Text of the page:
You have to wonder sometimes what the headline writers at the news network Web sites are thinking.
Take in this gem from FoxNews.com today:
Um, yeah, the "notion of [a] suffering" Messiah comes from Hebrew prophecy itself (see Isaiah 53), according to historic Christian teaching, which holds that Jesus Christ fulfilled the numerous prophecies about the Messiah from the Old Testament, starting from Genesis 3:15 (the protoevangelion) and extending all the way through the books of "the Law and the Prophets" (Acts 28:23).
It's hardly an earth-shattering notion that Jesus Christ was prophesied in the Old Testament, and even journalists who don't believe in Jesus as Messiah should surely have a functional knowledge of this basic, nay central, claim of orthodox Christianity.
The teaser headline in question takes readers to a Times of London story about the discovery of a tablet that supposedly shows that death-burial-resurrection messianic narrative was commonplace in Roman-occupied Palestine at the time of Christ.
The Times story breathlessly claims that a "radical new interpretation" calls into question the death and resurrection of Christ, but then concedes that, yes, "[t]he ink is badly faded on much of the tablet," called by its owner "Gabriel's Vision of Revelation."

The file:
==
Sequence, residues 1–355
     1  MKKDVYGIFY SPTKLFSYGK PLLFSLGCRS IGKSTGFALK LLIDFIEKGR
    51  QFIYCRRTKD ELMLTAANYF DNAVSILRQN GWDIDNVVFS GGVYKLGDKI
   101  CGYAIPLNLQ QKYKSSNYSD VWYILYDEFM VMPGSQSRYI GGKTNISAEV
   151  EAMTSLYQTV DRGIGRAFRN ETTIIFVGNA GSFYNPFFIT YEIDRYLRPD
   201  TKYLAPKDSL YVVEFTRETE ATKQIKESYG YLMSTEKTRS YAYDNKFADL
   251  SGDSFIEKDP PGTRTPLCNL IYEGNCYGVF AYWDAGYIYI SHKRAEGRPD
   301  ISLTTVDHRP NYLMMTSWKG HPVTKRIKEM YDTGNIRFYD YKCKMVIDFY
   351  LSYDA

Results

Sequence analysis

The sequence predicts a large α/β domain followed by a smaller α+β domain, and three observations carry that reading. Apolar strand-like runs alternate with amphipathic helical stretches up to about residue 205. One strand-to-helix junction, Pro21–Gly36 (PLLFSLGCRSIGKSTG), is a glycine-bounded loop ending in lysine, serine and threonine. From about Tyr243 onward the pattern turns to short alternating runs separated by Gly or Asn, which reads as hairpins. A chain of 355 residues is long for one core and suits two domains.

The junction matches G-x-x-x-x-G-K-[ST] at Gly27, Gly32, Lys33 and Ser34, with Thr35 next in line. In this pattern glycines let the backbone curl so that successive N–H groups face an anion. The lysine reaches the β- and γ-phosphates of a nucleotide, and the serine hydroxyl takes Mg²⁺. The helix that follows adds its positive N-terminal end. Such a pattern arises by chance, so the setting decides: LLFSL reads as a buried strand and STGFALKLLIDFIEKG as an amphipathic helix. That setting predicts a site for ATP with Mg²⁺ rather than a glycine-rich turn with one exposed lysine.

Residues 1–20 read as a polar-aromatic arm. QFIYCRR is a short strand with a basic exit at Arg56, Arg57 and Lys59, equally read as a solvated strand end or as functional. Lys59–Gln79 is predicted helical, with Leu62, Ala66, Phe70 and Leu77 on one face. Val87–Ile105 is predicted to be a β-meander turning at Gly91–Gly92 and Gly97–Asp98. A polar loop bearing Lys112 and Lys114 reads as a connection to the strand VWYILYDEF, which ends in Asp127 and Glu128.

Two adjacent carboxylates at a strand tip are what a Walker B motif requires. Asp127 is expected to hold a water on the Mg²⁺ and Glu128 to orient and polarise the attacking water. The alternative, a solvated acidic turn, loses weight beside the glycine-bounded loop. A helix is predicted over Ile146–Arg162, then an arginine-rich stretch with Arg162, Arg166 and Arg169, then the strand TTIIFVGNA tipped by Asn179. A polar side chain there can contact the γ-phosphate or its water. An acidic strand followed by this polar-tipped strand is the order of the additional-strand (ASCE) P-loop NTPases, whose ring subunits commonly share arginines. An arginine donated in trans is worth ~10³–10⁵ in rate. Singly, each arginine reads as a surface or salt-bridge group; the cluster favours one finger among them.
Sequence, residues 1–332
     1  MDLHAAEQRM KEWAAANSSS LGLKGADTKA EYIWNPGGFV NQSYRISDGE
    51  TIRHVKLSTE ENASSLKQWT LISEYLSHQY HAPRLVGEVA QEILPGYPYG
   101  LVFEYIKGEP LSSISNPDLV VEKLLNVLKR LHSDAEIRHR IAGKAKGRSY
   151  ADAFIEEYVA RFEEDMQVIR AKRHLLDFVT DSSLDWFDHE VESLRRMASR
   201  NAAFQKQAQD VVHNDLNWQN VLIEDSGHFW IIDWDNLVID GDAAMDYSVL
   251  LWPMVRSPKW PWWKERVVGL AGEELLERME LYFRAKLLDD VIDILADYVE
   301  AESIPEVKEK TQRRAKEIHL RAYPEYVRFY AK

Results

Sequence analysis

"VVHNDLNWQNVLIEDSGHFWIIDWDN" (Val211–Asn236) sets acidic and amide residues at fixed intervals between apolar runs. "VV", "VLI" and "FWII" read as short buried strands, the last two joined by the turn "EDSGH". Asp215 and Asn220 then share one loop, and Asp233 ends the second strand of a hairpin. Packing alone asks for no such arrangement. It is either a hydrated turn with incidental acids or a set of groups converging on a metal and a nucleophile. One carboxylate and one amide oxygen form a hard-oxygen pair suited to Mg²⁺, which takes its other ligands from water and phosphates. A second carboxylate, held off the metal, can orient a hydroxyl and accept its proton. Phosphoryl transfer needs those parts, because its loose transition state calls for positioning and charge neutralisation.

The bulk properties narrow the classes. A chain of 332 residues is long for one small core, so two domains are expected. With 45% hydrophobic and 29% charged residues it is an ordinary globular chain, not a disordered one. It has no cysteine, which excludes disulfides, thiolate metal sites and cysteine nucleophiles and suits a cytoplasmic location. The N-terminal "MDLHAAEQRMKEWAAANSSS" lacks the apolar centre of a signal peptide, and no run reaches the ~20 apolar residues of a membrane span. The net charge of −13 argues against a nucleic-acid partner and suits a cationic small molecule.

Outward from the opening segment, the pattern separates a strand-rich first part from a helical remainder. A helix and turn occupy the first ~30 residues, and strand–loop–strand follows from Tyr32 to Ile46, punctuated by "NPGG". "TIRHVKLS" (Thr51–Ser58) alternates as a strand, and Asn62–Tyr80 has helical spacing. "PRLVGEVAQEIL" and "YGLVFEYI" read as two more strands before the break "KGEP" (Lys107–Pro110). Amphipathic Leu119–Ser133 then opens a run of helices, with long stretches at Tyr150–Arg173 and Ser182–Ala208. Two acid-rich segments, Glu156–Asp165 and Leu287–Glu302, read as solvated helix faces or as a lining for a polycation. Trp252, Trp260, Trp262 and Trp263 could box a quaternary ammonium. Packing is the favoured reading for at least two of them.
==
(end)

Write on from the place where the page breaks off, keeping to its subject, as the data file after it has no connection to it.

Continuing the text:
Even so, the Times concludes with a quote by the man making inflated claims about the "revelation":
Professor Knohl contends that the tablet proves that messianic followers possessed the paradigm of their leader rising from the grave before Jesus was born.
He said that the text "could be the missing link between Judaism and Christianity in so far as it roots the Christian belief in the resurrection of the Messiah in Jewish tradition."
Since the historic teaching of Christianity has always point back to the Old Testament's prophecies of the Messiah as confirmation of the validity of its claims, there's really no missing link that has been found, but that seems to escape the notice of the mainstream media.
Curiously enough the story shows us the media are not a bunch of faithless cynics, at least when it comes to archaeological finds that -- they hope and pray (?) -- shake the faith of orthodox Christians.
Related blog post: Time Mag Latches Onto 'Controversial Relic' to Question Christian Orthodoxy.